Re: Why URIs in RDF?

At 11:35 PM 1/14/03 -0500, Sandro Hawke wrote:
>But ... both HTTP and RDF use URIs!  Why is that?  We know why HTTP uses
>URIs, but what purpose do URIs serve in RDF?
>The RDF Concepts draft [1] says:
>     The expressive power of RDF corresponds to the
>     existential-conjunctive (EC) subset of first order logic [Sowa].
>     Through its use of extensible URI-based vocabularies, RDF provides
>     for expression of facts about arbitrary subjects; i.e. assertions
>     of named properties about specific named things. A URI can be
>     constructed for any thing that can be named, so RDF facts can be
>     about any such things.
>That second paragraph is crucial if vague.  Try actually communicating
>in first-order logic (let alone the EC subset) and you immediately
>realize that you and your audience must share an interpretation (a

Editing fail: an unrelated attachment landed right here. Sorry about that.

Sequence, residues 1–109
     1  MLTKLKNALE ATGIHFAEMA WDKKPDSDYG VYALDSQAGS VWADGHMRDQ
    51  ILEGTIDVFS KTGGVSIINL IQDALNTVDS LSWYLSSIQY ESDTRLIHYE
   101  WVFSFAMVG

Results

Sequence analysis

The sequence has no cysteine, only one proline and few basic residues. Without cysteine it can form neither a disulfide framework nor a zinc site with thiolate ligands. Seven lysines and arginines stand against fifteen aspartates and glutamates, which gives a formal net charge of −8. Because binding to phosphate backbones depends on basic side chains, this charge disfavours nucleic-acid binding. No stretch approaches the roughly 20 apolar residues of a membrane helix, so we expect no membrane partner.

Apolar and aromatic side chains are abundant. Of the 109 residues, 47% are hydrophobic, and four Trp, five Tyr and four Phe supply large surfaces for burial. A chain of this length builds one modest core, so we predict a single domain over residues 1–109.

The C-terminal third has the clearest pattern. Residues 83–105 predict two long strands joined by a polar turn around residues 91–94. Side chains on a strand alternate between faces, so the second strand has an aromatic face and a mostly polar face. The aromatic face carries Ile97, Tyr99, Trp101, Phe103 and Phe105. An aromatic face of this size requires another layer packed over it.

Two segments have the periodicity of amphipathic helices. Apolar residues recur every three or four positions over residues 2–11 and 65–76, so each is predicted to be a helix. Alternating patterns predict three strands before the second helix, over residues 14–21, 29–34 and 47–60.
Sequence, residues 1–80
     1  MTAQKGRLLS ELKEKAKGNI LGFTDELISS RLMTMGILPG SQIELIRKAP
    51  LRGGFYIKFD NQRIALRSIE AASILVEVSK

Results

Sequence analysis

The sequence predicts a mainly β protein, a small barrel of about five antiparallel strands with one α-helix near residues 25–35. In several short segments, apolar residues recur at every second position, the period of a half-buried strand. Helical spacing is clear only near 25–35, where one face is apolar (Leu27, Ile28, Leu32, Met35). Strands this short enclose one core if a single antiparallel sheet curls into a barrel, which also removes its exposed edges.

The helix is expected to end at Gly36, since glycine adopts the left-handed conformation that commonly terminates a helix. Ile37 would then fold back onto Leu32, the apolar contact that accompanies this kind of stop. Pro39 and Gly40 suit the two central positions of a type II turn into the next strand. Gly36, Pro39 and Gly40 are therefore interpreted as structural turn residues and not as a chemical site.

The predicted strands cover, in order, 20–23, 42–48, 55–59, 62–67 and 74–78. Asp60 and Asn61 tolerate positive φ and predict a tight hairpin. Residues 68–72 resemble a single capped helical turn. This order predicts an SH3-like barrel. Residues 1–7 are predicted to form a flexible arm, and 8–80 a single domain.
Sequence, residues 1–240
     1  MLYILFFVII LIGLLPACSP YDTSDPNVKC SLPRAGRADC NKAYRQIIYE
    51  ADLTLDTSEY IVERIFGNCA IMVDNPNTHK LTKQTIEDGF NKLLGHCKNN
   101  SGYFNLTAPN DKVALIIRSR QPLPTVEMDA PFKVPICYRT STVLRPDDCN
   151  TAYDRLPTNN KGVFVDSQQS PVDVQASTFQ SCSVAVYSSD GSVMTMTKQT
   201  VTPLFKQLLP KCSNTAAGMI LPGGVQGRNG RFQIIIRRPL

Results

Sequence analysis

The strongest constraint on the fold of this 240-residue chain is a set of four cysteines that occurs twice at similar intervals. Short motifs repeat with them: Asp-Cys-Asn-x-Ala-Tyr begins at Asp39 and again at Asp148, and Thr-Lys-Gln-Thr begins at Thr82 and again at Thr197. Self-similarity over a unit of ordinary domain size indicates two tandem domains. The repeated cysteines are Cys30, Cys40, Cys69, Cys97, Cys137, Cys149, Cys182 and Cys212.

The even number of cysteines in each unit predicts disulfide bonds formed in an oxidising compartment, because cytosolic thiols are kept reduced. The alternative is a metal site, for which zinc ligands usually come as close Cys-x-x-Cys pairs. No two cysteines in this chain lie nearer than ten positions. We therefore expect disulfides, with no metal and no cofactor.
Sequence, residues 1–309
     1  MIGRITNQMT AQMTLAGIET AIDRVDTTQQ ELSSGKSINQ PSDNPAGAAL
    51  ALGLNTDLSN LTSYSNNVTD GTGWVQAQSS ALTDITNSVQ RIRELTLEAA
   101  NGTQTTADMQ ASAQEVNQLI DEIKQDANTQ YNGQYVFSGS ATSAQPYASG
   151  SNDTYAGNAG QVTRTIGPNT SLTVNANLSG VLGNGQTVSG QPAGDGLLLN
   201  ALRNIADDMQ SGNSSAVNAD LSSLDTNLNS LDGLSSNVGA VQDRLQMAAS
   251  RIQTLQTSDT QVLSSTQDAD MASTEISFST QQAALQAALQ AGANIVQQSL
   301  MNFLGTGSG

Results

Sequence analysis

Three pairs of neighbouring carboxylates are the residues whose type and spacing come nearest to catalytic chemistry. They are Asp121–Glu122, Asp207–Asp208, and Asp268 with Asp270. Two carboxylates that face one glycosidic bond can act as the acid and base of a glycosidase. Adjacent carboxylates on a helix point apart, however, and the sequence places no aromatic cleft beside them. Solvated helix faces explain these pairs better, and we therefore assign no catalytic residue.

>mapping of identifiers to the things they identify), or at least some
>of it.  An automated reasoner doesn't need to know anything about your
>interpretation, but your audience sure does.

I find myself fully agreeing with Roy about this.  I don't see anything 
broken here, hence nothing to be fixed.   (Apart from that the wording you 
quote still needs to be improved.)

I'm beginning to think that your assumption that people differ from 
automated reasoners in that they *do* need to know all about the intended 
denotation of a URI may not be valid.

Like the blind men and the elephant [1], sometimes all that matters, even 
to people, is the actual manifestations (representation) of a resource.

So it may matter less what the URI "" actually 
denotes than what representations it delivers, or what is asserted about 
it.  The representations and assertions provide partial knowledge which may 
or may not be sufficient to underpin communicate about whatever it is that 
is denoted.

Thus, there may be an arbitrary number of denotations of 
"" that satisfy all the observed data, and any 
may do.  What does it matter if it's a document or an organization?

"Here be elephants"



Graham Klyne

Received on Wednesday, 15 January 2003 09:22:35 UTC